Or if you’re a Grand Tour rider whose body’s hormonal profile’s a mess come week three, you could go for ketones. A study by Peter Hespel of Leuven University showed that ketones suppressed the levels of stress-induced hormone GDF-15 in athletes who are enduring extreme training day after day. This is a key hormone involved in appetite regulation with higher levels of GDF-15 concentration, symptomatic of a Grand Tour rider as Paris hones into view, killing the urge to eat. With ketones, this increase was suppressed, meaning the riders slept better.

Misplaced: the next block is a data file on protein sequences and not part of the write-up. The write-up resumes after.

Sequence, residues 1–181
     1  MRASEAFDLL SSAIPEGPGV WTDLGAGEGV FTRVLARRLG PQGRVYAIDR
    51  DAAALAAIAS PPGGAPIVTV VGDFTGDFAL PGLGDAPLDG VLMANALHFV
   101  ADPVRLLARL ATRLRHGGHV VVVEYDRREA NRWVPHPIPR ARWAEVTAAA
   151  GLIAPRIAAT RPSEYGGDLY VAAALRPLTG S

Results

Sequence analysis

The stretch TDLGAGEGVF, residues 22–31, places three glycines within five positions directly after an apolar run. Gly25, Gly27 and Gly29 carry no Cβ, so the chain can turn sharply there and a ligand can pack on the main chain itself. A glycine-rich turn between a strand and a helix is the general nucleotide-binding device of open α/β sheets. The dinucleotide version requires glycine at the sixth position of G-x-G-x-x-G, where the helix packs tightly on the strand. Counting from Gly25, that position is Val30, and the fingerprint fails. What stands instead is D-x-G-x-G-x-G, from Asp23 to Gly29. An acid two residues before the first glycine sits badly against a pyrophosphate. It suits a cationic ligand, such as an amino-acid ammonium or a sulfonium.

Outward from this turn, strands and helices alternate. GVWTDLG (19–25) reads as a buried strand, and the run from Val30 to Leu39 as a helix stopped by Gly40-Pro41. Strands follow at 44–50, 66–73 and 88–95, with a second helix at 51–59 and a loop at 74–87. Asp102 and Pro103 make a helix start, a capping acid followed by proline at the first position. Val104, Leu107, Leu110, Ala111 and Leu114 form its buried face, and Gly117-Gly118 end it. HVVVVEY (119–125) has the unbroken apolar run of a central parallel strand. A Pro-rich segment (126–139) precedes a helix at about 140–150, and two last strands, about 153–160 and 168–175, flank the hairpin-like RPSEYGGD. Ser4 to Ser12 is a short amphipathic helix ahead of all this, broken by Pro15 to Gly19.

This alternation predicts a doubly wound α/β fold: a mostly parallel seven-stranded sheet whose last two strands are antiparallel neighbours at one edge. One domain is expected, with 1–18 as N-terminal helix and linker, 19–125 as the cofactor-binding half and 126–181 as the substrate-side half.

Where does this leave us? We refer you back to our opening gambit about Team Sky and marginal gains. We were incorrect. Increasing your sleep quality and quantity is a maximal gain, ensuring you’ll line up for every (okay, most!) ride feeling physically and mentally sharp. We’ll all make resolutions to cycle stronger in 2023, with sportives signed up to and targets planned. You’ll have to rack up the consistent miles to reach your goals. But arguably, it’s what you do between rides that could make or break your season. Spend a little time assessing your own sleep practices could pay big dividends in 2023. Sleep easy, ride strong.